Animation, Beep beep, Brahms, Bugs Bunny, Cartoon network, Cartoons, Children's, Daffy Duck, Jazz, Liszt, Looney Tunes, Roadrunner, Rossini, Strauss, T.V, The Cat Concerto, The three little bops, The Three little pigs, Tom & Jerry, Warner Bros., Warner Brothers, Wile.E.Coyote
As a recent graduate faced with unemployment, I happen to have a bit of spare time on my hands. But having seen countless hours of reruns of Top Gear and Jeremy Kyle, one of the perks about daytime T.V, which I have discovered is Cartoon Network Too. Yes there are adverts selling unbelievably useless toys and way too many insurance recommendations, and most of the programming is mindless dribble, but what you also get from 2pm, is an hour of genius.
I am talking about an institution that is over 50 years old: Warner Bros.’ renowned Looney Tunes. Everyone grew up with them: grandparents, parents. Everyone knows the characters from Bugs, to Roadrunner. And everyone knows the catch phrases from ‘What’s up doc?’ to the sheer simplicity of ‘Beep beep’.
It was an animation revolution, and although to most of the Pixar generation they would seem “simple”, but I assure you they are far from. Looney Tunes are still as funny and enjoyable today, as they were back then. The comedy is universal; it works on anyone, of any background, and any age. And if anything, these Tunes are even more appreciated with age, I never realised just how clever and intricate they were when I was a kid. The Tunes reference great works of literature and music, and they are all made accessible to everyone. The effects of the Tunes are as classic as old Charlie Chaplin clips and simple mime comedy.
The most genius aspect is by far the orchestration; the musical genius behind these great compositions lied with several people including Carl Stalling, Clark Terry and Gus Arnheim. The musical accompaniment is by far the most influential and elaborate aspect of the creation; as the music was as much a part of the comedy as the animation and content. Complementing the images and exploring with sounds by experimenting with instrumentation to characteristically represent the imagery, the musicianship was by far cutting edge. To this day, people still associate the descending tones of a muted trumpet with failure and ridicule. The musicians were incredibly talented, and were working on repertoire that far surpasses most film scores today: ranging from influences from classical to jazz, the results are truly amazing.
Here’s a pick of my favourites:
Everyone knows the tale of the Three little pigs, but when Warner Bros. gets a hold of it, the tale comes to life. Warner Bros. actually created two different versions, here is the first, which uses Brahms’ Hungarian Dance.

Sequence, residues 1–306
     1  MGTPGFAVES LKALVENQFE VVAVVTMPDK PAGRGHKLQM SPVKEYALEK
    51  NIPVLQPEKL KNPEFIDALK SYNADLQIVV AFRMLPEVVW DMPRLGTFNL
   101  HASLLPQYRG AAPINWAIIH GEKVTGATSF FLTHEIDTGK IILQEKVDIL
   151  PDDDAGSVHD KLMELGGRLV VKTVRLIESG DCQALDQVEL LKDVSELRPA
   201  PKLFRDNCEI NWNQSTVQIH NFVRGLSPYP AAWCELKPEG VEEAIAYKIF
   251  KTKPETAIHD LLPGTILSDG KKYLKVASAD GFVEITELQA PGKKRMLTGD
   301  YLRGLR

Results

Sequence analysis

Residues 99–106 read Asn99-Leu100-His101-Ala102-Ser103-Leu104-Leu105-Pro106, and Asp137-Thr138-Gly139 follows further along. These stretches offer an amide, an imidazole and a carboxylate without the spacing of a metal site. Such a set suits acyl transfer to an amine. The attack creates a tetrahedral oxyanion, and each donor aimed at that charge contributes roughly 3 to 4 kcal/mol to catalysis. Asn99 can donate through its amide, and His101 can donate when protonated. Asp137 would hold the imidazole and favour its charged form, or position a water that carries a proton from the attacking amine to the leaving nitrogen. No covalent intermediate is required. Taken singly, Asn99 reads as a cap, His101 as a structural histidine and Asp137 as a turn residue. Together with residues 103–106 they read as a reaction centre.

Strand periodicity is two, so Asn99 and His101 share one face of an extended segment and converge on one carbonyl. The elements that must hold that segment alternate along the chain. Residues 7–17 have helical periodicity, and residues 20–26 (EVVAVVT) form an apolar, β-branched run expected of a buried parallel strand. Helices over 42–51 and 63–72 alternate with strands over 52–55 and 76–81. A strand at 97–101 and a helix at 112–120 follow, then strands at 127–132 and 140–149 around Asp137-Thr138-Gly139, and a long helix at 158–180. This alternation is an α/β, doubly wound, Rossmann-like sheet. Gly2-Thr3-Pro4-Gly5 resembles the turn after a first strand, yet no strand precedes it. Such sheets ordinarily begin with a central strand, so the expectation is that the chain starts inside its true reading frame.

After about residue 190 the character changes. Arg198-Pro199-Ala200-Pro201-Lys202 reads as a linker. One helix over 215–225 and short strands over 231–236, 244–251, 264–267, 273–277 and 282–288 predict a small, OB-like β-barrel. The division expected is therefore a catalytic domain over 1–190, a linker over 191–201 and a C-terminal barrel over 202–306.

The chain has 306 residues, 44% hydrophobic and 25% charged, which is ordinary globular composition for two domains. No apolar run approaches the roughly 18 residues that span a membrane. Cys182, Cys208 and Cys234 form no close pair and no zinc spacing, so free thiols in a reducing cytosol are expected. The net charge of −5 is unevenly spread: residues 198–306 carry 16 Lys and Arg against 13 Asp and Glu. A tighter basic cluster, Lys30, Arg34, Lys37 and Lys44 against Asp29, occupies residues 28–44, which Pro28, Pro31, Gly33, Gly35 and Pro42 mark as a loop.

And this just has to be the BEST reworking of this classic story. This time in a Jazz style ‘The Three Little Bops’ be-bop their way through the tale – full of witty remarks and ingenious detail – this is beyond brilliant. And with one of the best musical morals ever – ‘you gotta get real hot, to play real cool’.
I much prefer the Warner Bros. one to this (comparatively awful) Disney interpretation of the same tale.
Tom & Jerry
The winner of the Academy Award for Best Cartoon in 1943 – ‘The Cat Concerto’, featured Franz Lizst’s ‘Hungarian Rhapsody No.2’ and has been cited by many renowned pianists (including Lang Lang) as being their first influence for learning to play. It is without a doubt, one of the best Tom and Jerry episodes ever.
Johann Strauss’ opera – Die Fieldmaus, is resurrected as a conducting competition between the two rivals.
‘The Cat Above and the Mouse Below’ – This is where the notoriously comic ‘Figaro, Figaro’ imitation of opera singers came from, as once you’ve seen this Rossini’s the ‘Barber of Seville’ would never be the same! Watch out for the plunger!
Any Roadrunner episode is funny, and out of all the Looney Tunes I think Roadrunner is the silliest, but funniest cartoon. It is just simple, and definitely an example of universal humour – I bet you can’t get through without at least a little chuckle!
‘Rabbit’s Feet’ – Last but not least – Bugs… and a guest appearance by Mr. Wile.E Coyote himself.
You could spend countless hours going through these and reliving your childhood, and I advise you to. It was the paving stone for Pixar, The Simpsons, Family Guy ect. And it is better than ANY kids t.v nowadays. Kids will love it, and as an adult you will discover so much more, by truly appreciating the intricacy and genius behind some of the best animation of all time.